The director of a company hoping to set up a sand mine in Queensland has referred to his own son’s battle with leukaemia to claim the mine will not harm children.

Maroochydore Sands wants to set up a sand extraction site at Forest Glen, about an hour north of Brisbane, but some local residents are extremely concerned about the potential effects of the project.

Their fears are spurred by experts like University of the Sunshine Coast associate lecturer in soil sciences, geology and statistics, Peter Davies.

Davies recently told reporters that because the site contained acid sulphate soils, even the most stringent regulations could not guarantee 100 per cent protection for locals.

“There's lots of management guidelines for acid sulphate but it (oxidisation when acid sulphate soil is exposed) can happen very quickly,” he told Sunshine Coast Daily.

“They would have to be extremely careful to stay away from the acid sulphate soil.”

When acid sulphate soils are exposed, they oxidise and can become sulphuric acid if they come in contact with water, such as through rainfall or flooding.

Mr Davies says that an unprecedented flood event could see tailing ponds and levee banks unable to prevent a spill.

If this happened, sulphuric acid could wash kilometres downstream into the Maroochy River.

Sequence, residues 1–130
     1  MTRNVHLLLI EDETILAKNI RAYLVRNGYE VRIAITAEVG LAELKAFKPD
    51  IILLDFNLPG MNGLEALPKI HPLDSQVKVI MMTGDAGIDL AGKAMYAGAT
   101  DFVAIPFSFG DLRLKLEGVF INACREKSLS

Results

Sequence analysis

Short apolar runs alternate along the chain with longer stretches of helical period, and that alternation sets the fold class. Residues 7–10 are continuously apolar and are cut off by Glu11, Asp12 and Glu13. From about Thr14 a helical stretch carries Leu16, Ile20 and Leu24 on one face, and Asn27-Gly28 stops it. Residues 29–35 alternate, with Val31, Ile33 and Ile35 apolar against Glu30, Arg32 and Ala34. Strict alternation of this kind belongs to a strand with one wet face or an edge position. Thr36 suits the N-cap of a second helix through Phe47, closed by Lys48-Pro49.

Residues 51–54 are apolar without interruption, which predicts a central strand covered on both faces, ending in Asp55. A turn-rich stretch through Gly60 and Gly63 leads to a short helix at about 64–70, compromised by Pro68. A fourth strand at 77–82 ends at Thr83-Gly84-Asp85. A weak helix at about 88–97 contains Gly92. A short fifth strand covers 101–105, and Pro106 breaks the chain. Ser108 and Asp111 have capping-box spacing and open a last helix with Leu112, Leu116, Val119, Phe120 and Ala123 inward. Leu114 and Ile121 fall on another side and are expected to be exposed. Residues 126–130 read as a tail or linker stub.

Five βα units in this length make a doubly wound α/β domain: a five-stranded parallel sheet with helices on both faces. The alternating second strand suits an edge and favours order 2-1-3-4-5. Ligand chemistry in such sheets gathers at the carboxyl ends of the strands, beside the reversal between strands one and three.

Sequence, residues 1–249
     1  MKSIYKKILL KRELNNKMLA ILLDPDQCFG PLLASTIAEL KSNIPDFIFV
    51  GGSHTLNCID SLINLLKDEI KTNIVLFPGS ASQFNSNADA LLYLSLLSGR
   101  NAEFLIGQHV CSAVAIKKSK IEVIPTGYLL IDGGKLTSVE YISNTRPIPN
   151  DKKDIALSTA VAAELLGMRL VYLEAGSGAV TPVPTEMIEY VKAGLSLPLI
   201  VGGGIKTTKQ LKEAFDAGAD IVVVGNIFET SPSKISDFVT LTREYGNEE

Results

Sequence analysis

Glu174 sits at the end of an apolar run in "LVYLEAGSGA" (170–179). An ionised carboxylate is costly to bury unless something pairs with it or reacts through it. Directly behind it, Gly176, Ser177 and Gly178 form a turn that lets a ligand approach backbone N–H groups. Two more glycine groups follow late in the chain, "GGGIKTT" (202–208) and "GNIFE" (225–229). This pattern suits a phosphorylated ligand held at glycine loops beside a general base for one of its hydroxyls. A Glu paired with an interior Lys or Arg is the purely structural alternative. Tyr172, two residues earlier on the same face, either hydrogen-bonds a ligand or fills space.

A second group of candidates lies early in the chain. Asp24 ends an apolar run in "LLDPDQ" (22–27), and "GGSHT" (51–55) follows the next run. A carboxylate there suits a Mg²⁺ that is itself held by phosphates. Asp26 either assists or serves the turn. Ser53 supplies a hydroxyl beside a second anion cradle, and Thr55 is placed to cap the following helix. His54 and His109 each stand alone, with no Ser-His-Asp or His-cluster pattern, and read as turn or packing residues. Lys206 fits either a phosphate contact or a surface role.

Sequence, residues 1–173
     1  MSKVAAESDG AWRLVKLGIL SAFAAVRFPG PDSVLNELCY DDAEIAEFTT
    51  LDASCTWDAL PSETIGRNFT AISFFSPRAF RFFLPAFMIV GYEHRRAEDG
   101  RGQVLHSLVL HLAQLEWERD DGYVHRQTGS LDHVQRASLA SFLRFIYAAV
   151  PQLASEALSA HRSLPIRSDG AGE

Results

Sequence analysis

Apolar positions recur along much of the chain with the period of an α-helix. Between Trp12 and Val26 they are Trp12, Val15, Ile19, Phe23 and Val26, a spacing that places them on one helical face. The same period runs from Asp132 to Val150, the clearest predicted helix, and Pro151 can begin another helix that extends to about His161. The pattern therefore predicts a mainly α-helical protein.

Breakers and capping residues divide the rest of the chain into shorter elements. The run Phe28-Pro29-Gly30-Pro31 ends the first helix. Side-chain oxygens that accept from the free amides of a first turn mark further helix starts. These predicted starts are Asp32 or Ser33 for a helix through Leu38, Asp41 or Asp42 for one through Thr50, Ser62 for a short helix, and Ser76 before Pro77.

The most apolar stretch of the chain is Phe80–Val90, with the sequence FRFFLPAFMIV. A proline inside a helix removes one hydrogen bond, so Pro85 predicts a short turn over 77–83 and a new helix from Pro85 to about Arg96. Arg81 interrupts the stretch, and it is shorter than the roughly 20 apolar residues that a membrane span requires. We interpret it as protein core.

“It would take extremely proactive management and constant monitoring [to prevent such contamination]," Mr Davies said.

“[The proponents] can do everything right and if you get a failure of containment or a larger flood event, there's nothing they'd be able to do.

“If you want a 100 per cent guarantee, it's not possible,” he said.

Mr Davies also raised questions about the location of the proposed site, which he says is low-lying and close to Eudlo Creek, which feeds directly into the Maroochy River.

“Mining sand on a water table on a flood plain, it's fraught with danger on a number of levels I'd suggest,” Mr Davies said.

Maroochydore Sands director Michael Mullins says he would never hurt children.

“It was through a personal tragedy that I came to truly understand the impact of serious illness and disease on the lives of families,” Mr Mullins told reporters.

“After my son Michael died, aged two, of leukaemia I got involved with the Royal Children's Hospital Foundation to see what I could do to help other sick children and their families.

“Being involved in a business that would be harmful to children, families or other local residents is not something I would ever consider.”